This is the class outline for week 2 of the SCARS Technician class 2013.
Week 2 Outline
Quiz on Week 1 Handout
- 3.75 MHz is the same as
- 3750 Hz
- 375 kHz
- 3750 kHz
- 0.0375 GHz
- If you QSY up 250 Hz from 7150 kHz, you’d be at
- 7150.25 kHz
- 7400 kHz
- 7150.250 kHz
- A. and C.
- An ordinary AA battery is about 1.5 volts, or
- 150 millivolts
- 1500 megavolts
- 1500 mV
- 150 mV
- For both question 1. and 2., you are operating in what part of the EM spectrum?
- Which of the following modes makes most efficient use of the RF spectrum?
- Which of the following modes is most efficient for voice communications?
- About how much bandwidth does that mode require?
- 3 kHz
- 6 kHz
- 3 MHz
- 6 MHz
- Fast-scan TV (video) requires about 6 MHz of bandwidth. Why do you think it is impractical in the HF part of the spectrum?
Chapter 2: Radio Signals and Fundamentals
Electromagnetic (EM) Waves (Radiation)
- alternating current (AC) in wire (“antenna”) creates time-varying electric (E) field around wire
- time-varying E field creates magnetic field (M)
- time-varying M field creates E field
- EM waves travel through vacuum (~air) at speed of light:
- C = 300,000,000 m/s
- different frequency EM waves have different properties:
- Radio waves, radio frequencies, or just RF:
- – approx. 3 kHz to 300 GHz
Characteristics of Waves
Frequency and Wavelength
Frequency: number of cycles (peak to peak, trough to trough…) per second = Hertz = Hz (cps)
- kHz, MHz, GHz
Wavelength: length, in meters, of one full wave in space (peak to peak, trough to trough…)
Since C is constant,
- f = C/λ or
The higher the frequency, the shorter the wavelength!
The lower the frequency, the longer the wavelength!
For frequency in Hz, distance in m, time in s (fundamental metric units), then,
- f = 300,000,000/λ or
- λ = 300,000,000/f
So, if you are operating in the 15 m band, the approximate frequency would be:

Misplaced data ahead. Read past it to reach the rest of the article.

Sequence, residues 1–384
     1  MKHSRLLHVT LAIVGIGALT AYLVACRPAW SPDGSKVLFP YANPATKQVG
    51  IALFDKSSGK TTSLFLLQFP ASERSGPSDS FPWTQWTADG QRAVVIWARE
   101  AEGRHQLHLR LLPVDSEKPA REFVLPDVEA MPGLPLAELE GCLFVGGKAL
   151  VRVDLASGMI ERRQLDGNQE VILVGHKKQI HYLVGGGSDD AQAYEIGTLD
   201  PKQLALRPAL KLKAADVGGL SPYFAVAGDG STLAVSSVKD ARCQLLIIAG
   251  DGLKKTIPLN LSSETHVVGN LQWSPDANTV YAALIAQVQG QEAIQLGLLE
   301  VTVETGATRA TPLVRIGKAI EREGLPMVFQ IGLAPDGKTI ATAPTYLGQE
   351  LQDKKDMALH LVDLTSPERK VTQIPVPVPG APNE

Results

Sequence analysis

- f = 300,000,000/15 = 20,000,000 Hz
For convenience [by dividing both sides of the equation above by 1,000,000] we can use:
- f = 300/λ
where f is in MHz
- λ = 300/f
Our problem above becomes:
- f = 300/15 = 20 MHz
T3B07 What property of radio waves is often used to identify the different frequency bands?
- The approximate wavelength
- The magnetic intensity of waves
- The time it takes for waves to travel one mile
- The voltage standing wave ratio of waves
Because band implies a range of frequencies, band “names” are approximate. For example, if you are operating at 7150 kHz, what band are you in?300/7150 = 0.04196 meters Whoops!
Modulation and Bandwidth
- the simplest type of radio signal is a continuous wave,, or an unmodulated wave, or a single frequency:
- A continuous wave takes up virtually no bandwidth, or “space” in the radio spectrum:
- this is what a spectrum analyzer would see
- the simplest way to modulate a wave is to turn it on and off, such as with Morse code
- hams call this CW (although the continuous wave is interrupted)
Single-Sideband (SSB) Modulation
- Below 10 MHz: LSB
- Above 10 MHz: USB
- At 10 MHz: WWV!
Frequency Modulation (FM)
- narrow-band FM
- wide-band FM
- FM broadcast
Radio Equipment Basics
Station with Accessories
“Homework” for next week